Plants of the same species tend to flower, fruit and go to seed with remarkable synchronicity. How are they able to keep such rigid schedules?
Gardeners often marvel at how plants of the same species tend to flower, fruit and go to seed with remarkable synchronicity, as if on cue. Some flowers even follow a strict daily routine, opening their petals at dawn’s light and closing at dusk. How are plants able to keep such rigid schedules? The secret lies in a kind of vegetative internal clock that has fascinated CALS plant scientists for decades. Here’s what they’ve learned about how it works:
See the light. The primary component of plants’ internal clock is a light-absorbing molecule known as phytochrome. A turquoise-colored pigment that can exist in two different forms, phytochrome inter-converts between a “Pr” form, which absorbs red light, and a “Pfr” form, which absorbs far-red light.
The sun winds the clock. In full sunlight, plants’ leaf cells contain equal amounts of phytochrome’s two forms—50 percent Pr and 50 percent Pfr.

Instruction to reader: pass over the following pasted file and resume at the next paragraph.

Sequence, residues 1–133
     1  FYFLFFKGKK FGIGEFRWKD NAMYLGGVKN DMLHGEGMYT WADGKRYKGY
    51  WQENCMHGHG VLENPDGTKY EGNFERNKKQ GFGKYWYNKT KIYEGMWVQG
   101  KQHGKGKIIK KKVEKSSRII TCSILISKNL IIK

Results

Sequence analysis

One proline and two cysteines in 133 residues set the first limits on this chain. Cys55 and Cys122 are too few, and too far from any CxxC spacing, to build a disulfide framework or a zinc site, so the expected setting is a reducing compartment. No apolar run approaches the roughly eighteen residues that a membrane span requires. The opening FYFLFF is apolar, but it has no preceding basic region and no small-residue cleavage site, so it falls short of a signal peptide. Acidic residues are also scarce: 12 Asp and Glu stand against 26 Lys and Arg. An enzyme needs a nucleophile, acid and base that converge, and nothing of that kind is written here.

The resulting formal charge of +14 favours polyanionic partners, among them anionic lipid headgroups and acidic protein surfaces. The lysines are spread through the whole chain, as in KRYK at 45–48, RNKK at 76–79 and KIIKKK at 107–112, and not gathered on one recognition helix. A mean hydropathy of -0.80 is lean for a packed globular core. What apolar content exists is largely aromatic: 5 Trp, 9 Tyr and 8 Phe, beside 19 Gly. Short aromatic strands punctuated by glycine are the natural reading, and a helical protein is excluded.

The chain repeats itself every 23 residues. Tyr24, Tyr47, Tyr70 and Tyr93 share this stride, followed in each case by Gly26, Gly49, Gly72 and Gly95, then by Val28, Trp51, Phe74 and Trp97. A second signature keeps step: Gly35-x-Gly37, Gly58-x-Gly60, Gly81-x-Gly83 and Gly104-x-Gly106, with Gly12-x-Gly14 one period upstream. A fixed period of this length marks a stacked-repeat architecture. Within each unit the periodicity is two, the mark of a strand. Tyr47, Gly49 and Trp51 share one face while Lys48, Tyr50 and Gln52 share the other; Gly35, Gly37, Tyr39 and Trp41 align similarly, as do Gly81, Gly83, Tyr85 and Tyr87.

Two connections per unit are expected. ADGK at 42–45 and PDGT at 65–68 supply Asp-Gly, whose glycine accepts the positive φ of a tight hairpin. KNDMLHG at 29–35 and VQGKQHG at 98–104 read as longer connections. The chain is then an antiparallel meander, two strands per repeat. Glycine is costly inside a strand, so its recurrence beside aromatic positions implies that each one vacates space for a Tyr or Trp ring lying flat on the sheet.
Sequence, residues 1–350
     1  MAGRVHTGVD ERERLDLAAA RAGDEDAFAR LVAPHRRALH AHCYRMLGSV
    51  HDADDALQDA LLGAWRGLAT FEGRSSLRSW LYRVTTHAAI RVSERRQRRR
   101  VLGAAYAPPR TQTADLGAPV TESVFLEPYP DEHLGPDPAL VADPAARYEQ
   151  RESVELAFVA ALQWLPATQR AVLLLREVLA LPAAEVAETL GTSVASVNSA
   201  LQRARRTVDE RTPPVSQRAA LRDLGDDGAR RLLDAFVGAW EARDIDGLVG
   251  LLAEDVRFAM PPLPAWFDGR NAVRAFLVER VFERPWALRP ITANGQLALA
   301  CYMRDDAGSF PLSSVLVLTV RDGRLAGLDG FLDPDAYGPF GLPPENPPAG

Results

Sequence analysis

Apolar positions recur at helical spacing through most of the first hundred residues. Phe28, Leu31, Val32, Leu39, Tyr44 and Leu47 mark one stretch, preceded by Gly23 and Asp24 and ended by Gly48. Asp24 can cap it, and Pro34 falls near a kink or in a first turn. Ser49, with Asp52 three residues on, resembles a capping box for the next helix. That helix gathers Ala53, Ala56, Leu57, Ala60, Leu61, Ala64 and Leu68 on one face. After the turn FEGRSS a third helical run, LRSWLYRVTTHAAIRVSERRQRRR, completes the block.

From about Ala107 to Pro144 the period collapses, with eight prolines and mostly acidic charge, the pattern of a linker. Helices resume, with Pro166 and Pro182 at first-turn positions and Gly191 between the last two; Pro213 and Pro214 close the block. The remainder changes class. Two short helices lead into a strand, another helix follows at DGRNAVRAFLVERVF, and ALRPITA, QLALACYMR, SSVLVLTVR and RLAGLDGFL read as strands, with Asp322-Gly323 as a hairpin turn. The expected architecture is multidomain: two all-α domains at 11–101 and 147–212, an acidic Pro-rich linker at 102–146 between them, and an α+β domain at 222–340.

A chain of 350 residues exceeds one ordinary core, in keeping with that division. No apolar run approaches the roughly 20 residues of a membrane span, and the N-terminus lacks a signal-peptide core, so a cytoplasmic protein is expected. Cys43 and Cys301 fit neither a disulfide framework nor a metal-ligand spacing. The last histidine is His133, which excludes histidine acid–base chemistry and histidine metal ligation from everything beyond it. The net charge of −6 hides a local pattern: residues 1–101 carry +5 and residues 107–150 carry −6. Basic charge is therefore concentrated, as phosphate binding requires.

The clock counts down at night. When it’s dark, phytochrome molecules that are in the Pfr form start converting to Pr at a slow, steady rate. Because this rate is constant, the amount of Pfr remaining in the leaf cells at any given time is a direct reflection of the number of hours a plant has sat in darkness. In this way, plants use phytochrome to count the hours of the night—they don’t directly measure day length—and use that information to dictate when they sprout, flower, fruit and go to seed during the growing season.
Plants got rhythm. The phytochrome clock enables plants to establish a 24-hour circadian rhythm. For plants that open their flower petals at dawn and close them at dusk, the phytochrome clock allows them to anticipate the sun’s rise and set. In fact, when placed in a dark closet, these plants will continue to open and close their flowers right on schedule for a number of days, until the circadian rhythm finally dampens.